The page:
Testing the detergent on women
To test for mucosal irritation, researchers used SLS on pre- and post-menopausal women. Instead of brushing with toothpaste, the study subjects put a small amount of toothpaste into a maxillary splint which they wore for two minutes twice a day for four days.
This splint testing was repeated four times with toothpastes of varying sodium lauryl sulphate concentrations. In between the four-day splint tests, they brushed with a detergent-free toothpaste for 10 days. This gave the oral mucosa a chance to recover from each test toothpaste. Each group consisted of 14 women, with smokers comprising half of each group.
All the pre-menopausal women developed desquamative lesions, while only half the post-menopausal women showed evidence of mucosal irritation. As the concentration of SLS increased, the difference between the groups also increased, with considerably higher scores in the pre-menopausal group. No one experienced lesions with the detergent-free toothpaste.
An interesting link was noted between smoking and the risk of mucosal irritations. No influence was noted in the pre-menopausal group, but smoking seemed to reduce the risk for desquamation in post-menopausal women, perhaps due to more years of smoking and, therefore, more highly keratinized tissue. It was suggested that decreased sensitivity to SLS by the older group may be linked to hormonal changes as well as a slowing in the turnover rate of mucosal cells. Although tissue is thinner in older women, all layers are evident, thus leading to the conclusion that the tissue becomes more compact, which may explain a reduced risk of tissue irritation.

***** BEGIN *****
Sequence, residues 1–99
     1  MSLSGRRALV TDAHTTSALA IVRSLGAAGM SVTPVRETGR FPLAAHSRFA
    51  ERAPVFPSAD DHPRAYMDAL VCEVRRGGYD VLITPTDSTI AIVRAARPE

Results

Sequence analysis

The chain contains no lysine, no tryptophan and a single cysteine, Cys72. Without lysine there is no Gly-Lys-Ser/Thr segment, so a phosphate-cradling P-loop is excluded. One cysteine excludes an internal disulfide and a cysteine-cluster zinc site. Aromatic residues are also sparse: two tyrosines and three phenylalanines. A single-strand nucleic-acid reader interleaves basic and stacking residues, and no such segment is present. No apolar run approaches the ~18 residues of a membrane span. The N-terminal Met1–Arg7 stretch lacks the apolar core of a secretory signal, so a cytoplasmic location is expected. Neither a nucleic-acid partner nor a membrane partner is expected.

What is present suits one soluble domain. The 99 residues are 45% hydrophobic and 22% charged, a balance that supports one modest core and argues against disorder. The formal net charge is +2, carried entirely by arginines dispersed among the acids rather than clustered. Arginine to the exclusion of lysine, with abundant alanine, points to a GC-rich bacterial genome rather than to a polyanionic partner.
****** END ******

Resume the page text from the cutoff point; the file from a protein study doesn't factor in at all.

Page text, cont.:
Effect of `tartar control`
Tartar-control toothpastes contain the anti-tartar chemical pyrophosphate, as well as flavoring agents which have been implicated in tissue sloughing and a burning sensation. To test this connection, researchers compared tartar-control toothpastes and non-tartar-control toothpastes on a large group of dental students and dental hygiene students.